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More Notes on Biernacki

This is the remainder of my notes on Biernacki’s Labor as an Imagined Commodity.

Part Two: The Conveyance of Labor in the Factory

The form that abstract labor is held to have does not necessarily translate into social practice; piece work did not hold dominance in Britain, nor did day wages take over in Germany, even though the British considered labor to be a good embodied in products while Germans thought of it as a capacity to work for a given amount of time.

Rather, what Biernacki underscores as being characteristic of capitalist relations is the manner in which labor is supposed to be seeb as a “general, quantifiable substance apart from its specific embodiments” (180). That is, the product of one labor is held to be exchangeable, willy-nilly, with the product of another. However, the way that this belief is expressed is different on account of the differing views about what labor is:

In Britain, abstract labor was compared in the sphere of exchange as embodied labor; in Germany, this form of labor was compared in the sphere of production as the requisitioning and expenditure of labor power. These foundational means of measuring and conveying abstract labor can be enacted in either of two superficial forms of remuneration — piece rate or time wage. In Britain time wages were designed to represent a contract for delivery of a quantity of labor products delivered within certain hours; in Germany piece rates were configured as an index of the extraction and expenditure of labor power. The formal construction of the payment system, and how that system works in conjunction with the other practices on the shopfloor, reveal the conceptions of the substance of abstract labor on which the producers rely. (180)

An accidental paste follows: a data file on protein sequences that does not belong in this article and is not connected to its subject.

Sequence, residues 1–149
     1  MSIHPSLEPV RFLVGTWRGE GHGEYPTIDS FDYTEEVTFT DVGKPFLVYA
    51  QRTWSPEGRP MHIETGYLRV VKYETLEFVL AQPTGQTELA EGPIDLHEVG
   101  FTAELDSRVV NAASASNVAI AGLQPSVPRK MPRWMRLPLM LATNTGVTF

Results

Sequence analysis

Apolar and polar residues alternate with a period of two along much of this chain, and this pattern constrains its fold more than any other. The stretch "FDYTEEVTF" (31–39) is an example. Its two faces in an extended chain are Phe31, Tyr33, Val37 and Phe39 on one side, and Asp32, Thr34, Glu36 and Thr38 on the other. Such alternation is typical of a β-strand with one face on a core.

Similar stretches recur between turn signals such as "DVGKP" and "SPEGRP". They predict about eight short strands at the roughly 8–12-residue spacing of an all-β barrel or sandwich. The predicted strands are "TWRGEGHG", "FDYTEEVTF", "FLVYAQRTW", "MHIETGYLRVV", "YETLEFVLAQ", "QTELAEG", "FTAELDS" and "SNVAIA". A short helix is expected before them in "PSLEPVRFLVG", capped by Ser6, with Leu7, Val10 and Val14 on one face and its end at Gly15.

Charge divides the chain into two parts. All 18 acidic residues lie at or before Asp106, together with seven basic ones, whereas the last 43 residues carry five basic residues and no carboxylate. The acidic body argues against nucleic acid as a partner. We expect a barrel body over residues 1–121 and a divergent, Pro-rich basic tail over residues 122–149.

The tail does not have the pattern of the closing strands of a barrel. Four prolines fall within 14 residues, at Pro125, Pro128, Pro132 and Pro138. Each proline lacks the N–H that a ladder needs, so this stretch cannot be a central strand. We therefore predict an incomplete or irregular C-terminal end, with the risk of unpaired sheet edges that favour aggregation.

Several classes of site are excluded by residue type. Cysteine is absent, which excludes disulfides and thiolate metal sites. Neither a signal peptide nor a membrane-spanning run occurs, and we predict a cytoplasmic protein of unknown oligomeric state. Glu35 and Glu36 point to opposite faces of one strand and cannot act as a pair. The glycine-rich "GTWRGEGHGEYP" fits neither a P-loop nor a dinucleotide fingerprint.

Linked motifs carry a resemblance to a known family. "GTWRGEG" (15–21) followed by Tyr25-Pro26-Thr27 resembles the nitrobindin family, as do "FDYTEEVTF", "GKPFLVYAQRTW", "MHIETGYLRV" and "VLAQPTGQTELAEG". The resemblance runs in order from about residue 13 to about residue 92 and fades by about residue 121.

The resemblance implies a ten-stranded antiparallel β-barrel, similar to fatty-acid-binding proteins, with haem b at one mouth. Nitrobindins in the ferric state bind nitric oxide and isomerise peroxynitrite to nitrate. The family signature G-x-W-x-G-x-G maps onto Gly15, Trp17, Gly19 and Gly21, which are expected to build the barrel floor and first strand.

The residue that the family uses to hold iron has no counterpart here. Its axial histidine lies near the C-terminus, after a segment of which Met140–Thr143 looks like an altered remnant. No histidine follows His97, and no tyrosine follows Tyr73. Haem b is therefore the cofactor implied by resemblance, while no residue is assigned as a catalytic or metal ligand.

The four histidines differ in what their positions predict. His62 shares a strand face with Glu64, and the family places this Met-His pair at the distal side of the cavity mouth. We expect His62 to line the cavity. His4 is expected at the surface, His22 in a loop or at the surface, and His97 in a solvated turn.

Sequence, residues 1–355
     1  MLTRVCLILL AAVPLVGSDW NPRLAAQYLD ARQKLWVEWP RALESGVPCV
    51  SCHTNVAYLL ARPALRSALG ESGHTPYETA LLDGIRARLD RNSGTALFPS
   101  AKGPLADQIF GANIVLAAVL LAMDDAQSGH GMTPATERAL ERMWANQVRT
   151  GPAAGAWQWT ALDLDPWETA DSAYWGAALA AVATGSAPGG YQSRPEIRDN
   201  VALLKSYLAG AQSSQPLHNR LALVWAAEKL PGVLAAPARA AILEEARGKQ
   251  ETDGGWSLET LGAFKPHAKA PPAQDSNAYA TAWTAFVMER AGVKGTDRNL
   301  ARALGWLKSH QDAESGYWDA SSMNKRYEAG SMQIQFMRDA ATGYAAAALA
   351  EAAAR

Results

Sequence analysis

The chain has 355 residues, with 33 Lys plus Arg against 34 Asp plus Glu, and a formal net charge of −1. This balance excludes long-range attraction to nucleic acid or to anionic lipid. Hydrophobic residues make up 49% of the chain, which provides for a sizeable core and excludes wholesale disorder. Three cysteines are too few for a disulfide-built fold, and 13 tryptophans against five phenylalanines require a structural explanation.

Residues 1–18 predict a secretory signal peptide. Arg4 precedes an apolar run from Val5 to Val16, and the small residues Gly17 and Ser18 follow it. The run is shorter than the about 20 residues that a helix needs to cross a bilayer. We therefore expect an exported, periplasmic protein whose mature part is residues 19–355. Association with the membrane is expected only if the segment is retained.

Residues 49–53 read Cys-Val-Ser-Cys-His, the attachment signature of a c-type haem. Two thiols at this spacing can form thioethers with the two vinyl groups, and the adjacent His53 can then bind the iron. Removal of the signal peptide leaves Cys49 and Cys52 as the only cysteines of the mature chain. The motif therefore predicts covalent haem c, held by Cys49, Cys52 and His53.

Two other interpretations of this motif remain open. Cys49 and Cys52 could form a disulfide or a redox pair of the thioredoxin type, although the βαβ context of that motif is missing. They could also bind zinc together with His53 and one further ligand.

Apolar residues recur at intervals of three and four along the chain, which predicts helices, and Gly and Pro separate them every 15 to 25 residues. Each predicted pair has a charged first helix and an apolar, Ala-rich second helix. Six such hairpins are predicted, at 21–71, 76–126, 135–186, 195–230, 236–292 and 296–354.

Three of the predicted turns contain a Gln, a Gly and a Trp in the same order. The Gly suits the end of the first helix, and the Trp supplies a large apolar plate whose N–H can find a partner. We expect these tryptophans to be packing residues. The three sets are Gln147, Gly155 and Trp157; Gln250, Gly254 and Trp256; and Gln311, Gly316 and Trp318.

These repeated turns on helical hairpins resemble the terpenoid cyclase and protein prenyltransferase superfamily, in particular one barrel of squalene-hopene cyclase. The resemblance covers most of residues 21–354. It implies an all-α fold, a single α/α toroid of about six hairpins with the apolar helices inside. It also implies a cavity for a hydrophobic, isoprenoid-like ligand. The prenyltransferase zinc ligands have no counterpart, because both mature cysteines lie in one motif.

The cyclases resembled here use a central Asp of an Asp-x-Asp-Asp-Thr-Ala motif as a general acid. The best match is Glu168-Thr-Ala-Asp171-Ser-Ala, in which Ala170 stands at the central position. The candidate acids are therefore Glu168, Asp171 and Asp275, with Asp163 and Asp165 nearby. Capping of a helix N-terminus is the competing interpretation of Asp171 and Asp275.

Biernacki goes on to discuss the factors that allowed for the textile industry to become incredibly quantified in the 19th century:

  1. It had a very large, perhaps the largest, workforce, which provided ample opportunity for the quantification of laborers’ efforts.
  2. The raw material used in textile manufacture is readily measurable in many ways.
  3. The labor process in textile factories was highly standardized, which meant that each action of each labor could be compared with those of his peers.

This led to a situation where output was highly, and mathematically, correlated with standards of labor-effort. But the method of calculating the amount of labor was different in Britain and Germany. In Britain, producers calculating piece wages measured the length of cloth that was produced; in Germany, they took into account the amount of total number of movements that went into producing each length of cloth (see page 181). Biernacki writes

Rather than taking a unit of finished cloth and extrapoliting different kinds of labor from it, the Germans took a unit of motion and equated the values of the motions by the features of the work process. In both countries the dimensions of intelligible (in this case, linear) increases mark the dimensions on which types of weaving were compared and conveyed to the employer as generalized labor. (181)

Note that here, abstract labor is essentially created in the act that postulates it — before workers are paid a wage, there is no abstract value that exists as the social substance of labor. It is the system of waged-labor, which remunerates workers according to a given notional understanding of what abstract labor is, that allows abstract value to function; more, this system is a process that is the result of the actions of agents who are, by and large, divided into groups with like interests — it is a process that is defined by classes.

At any rate, the evaluations of labor in the respective regional economies of Britain and Germany are not analogous — “the payment systems represented fundamentally different ways of conceiving the conveyance of labor,” and, accordingly, fundamentally different ways of regulating the transfer of “value.” And, the organizing efforts of laborers followed their notional understanding of what value was, and how their labor embodied it (182)